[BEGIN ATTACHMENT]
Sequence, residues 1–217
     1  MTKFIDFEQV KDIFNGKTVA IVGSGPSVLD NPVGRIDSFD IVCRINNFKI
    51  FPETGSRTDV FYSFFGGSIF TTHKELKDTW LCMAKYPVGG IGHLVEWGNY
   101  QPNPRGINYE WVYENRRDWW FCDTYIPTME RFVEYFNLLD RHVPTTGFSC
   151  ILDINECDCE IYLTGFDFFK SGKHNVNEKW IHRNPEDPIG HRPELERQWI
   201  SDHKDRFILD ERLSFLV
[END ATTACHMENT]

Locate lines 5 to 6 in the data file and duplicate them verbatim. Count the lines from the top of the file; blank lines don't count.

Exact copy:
   151  ILDINECDCE IYLTGFDFFK SGKHNVNEKW IHRNPEDPIG HRPELERQWI
   201  SDHKDRFILD ERLSFLV